What's happening at the
Saturday 19 Aug 2017 | 19:33 | SYDNEY
Saturday 19 Aug 2017 | 19:33 | SYDNEY

Charter cities: The slate is never blank



18 June 2010 13:20

I recently came across this Atlantic article about a new idea in development called 'charter cities'. Here's the concept, as described in The Atlantic:  

...dysfunctional nations can kick-start their own development by creating new cities with new rules...By building urban oases of technocratic sanity, struggling nations could attract investment and jobs; private capital would flood in and foreign aid would not be needed...To launch new charter cities...poor countries should lease chunks of territory to enlightened foreign powers, which would take charge as though presiding over some imperial protectorate.

That's a very crude abridgment, so please read the whole Atlantic piece and watch as the man behind charter cities, Paul Romer, describes his idea:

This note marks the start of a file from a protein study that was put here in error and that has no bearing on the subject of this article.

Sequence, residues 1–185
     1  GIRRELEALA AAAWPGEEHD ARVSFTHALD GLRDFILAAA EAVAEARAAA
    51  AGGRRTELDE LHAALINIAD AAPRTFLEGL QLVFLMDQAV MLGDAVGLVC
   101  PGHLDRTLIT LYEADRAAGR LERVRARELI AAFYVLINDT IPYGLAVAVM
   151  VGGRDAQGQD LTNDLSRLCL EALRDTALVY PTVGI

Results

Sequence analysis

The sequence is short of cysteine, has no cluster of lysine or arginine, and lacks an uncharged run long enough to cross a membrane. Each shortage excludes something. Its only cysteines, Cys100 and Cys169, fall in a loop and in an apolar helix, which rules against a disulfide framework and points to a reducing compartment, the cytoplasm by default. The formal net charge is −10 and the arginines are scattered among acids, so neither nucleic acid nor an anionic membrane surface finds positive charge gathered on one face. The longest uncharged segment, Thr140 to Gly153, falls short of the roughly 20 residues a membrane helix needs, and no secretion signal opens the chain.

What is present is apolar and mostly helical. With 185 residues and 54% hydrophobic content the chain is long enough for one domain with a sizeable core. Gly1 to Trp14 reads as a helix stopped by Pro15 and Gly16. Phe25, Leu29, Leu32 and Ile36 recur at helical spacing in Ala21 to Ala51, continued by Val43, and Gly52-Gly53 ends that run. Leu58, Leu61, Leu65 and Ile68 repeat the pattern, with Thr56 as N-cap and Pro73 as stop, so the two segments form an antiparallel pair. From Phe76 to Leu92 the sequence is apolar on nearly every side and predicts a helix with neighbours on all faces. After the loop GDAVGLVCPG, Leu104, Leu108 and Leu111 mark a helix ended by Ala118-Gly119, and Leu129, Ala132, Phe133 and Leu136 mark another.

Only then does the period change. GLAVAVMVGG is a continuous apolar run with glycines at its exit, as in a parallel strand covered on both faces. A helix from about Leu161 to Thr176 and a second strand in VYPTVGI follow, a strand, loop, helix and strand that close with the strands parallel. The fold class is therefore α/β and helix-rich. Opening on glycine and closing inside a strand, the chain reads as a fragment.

The charter cities idea has attracted criticism for its apparent neo-colonialism, though Romer is not proposing to forcibly take land from countries to set up such cities. Governments would be leasing the land voluntarily, and as the Atlantic article says, charter city residents would be free to vote with their feet.

A more cogent critique comes from Laura Freschi at Aidwatch:

The charter cities idea appeals because it is bold. It promises a fresh start for people mired in the muck of old conflicts, inequality, and bad government...Unfortunately, in earthquake-devastated Haiti as in troubled central Africa, the promise of starting from scratch is an illusion. It has always been true that no matter where you go, you take yourself with you—culture, history, habits, attachments and animosities come along like a skin you can’t shed...

Early development economists working at the hopeful dawn of colonial independence believed that they really were starting from scratch. The last fifty years have shown us that they weren’t, and this has been—and remains—one of development’s biggest blind spots.

Not just development — it is a hard lesson learnt by governments and military forces in Iraq and Afghanistan too. There are no neutral, technocratic solutions to the governance and development problems that bedevil poor countries, and there is no such thing as a blank-slate country to impose those solutions on.

You may also be interested in...